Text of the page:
Friday, 5 December 2014

Trading Education- Risk Management


Basic Trading Concepts Defined

Portfolio Diversification

The simplest form of risk management is to follow conventional wisdom and not put all your eggs in the same basket. Or, as the suits say, “diversify your portfolio”. Of course there is a little more technique to it than that (and nowadays we just keep all our eggs in the refrigerator anyway).

Diversity in your portfolio is not about buying different currencies or equities, but evaluating the relative risk of your options and distributing your investments in such a way that you have an acceptable risk-to-profit ratio.

Generally speaking, however, by making several smaller investments, you have less risk than if you make one big investment. This is the principle behind banking. Banks run the risk of their clients not paying them back each time they loan out money. By loaning to lots of people the risk is spread out over all their clients, and it’s easier to compensate for.

For example, say you have an investment opportunity; it really doesn’t matter what it is. For every dollar you put in, you could get back 10; and you can invest in it as many times as you want. But, of course, there’s always risk, and there’s a fifty-fifty chance it won’t work out (which isn’t all that far-fetched; 50% of start-ups go bankrupt in the first year).

So, if you put all your money into it, you could become instantly rich. But, if things go sour, you could lose every penny you’ve got. So, is it worth it? That was a trick question; that’s something a gambler would consider. Traders should be applying risk management instead.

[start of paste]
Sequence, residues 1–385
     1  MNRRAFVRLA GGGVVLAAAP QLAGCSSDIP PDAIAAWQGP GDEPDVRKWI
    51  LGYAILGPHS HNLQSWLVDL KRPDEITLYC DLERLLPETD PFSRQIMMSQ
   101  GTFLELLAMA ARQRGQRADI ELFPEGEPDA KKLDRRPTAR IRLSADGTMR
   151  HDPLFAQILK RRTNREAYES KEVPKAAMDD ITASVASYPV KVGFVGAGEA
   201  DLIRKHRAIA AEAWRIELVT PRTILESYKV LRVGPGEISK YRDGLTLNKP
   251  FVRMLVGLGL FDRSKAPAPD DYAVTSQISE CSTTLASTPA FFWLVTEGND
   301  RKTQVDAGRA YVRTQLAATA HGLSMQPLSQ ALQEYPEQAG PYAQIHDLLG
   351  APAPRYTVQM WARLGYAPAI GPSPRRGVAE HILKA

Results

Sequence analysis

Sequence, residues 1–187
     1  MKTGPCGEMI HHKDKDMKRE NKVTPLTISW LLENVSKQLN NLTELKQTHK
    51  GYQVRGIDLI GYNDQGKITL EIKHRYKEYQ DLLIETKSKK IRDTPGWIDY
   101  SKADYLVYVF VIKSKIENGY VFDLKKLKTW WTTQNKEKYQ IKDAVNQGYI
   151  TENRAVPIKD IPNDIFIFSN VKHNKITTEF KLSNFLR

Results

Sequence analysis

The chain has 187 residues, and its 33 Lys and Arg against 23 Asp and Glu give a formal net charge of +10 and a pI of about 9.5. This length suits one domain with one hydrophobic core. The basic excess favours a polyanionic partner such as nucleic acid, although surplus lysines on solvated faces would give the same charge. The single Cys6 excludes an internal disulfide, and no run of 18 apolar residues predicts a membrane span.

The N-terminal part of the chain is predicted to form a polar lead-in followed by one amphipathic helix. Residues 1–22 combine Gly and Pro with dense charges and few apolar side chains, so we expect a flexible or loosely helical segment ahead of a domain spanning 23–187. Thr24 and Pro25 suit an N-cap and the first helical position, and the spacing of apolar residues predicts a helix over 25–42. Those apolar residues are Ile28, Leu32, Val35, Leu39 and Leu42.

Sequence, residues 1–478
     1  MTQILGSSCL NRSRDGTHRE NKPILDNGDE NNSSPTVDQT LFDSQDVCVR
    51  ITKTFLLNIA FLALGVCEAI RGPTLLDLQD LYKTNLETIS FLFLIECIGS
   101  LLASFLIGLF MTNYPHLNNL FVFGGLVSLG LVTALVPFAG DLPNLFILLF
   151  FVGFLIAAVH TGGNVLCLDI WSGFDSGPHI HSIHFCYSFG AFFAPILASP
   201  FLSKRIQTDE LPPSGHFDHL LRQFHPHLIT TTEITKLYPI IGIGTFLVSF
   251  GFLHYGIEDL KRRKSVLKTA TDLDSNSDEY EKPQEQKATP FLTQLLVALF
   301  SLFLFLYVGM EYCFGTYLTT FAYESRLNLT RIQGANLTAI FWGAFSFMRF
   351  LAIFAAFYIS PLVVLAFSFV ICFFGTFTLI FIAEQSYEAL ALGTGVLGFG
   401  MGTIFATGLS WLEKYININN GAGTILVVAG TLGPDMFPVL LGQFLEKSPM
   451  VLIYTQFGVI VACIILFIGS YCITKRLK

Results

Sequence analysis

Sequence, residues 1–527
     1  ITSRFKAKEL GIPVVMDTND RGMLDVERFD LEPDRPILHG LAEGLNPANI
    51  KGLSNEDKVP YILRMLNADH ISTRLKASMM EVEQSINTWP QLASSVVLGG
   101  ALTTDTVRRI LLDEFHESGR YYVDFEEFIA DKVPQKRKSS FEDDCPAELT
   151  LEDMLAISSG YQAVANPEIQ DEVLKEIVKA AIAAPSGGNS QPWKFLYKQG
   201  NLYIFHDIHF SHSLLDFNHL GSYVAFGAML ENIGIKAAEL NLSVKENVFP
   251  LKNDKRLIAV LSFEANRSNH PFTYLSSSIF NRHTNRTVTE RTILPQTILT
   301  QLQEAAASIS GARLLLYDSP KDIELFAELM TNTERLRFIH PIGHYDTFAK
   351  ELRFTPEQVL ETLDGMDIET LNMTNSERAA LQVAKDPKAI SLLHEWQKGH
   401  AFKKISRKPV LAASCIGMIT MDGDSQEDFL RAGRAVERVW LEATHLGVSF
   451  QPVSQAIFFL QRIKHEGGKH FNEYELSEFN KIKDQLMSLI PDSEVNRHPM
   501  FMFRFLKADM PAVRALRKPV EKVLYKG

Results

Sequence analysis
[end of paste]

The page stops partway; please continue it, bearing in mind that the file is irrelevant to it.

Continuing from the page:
The Key.

The key here is that you can invest as many times as you want (just like with equities markets). If you make one investment, you have 1 chance in 2 of losing (a 50% risk); but if you win, you get 10 times back. This is expressed as profit:risk. In this case you have profit 10 : risk 2, or 5:1 risk-to-profit ratio.

If you split your money in half, and buy twice; statistically speaking, one investment will lose everything and the other will pay off. So if you invest 100: in one you will lose 50, but in the other you will make 500. Net profit? 400. If you had invested all of your money, you could have made 900; but you also could have lost everything.

The important thing to remember here is that by splitting up the investment, you are no longer in an all-or-nothing position (gambling) but in a position where it’s much more likely that you will make at least some profit (investing).

Of course you can reduce some of the risk by using different techniques to try and figure out what will happen, but you can never be certain of the future. Once you’ve minimized as much risk as you can by researching the investment, you can then reduce the investment’s risk by handling how you expose yourself to it.

There are a lot of nuances to improving your profitability by diversifying your portfolio, and these will be covered in more detail in later lessons.

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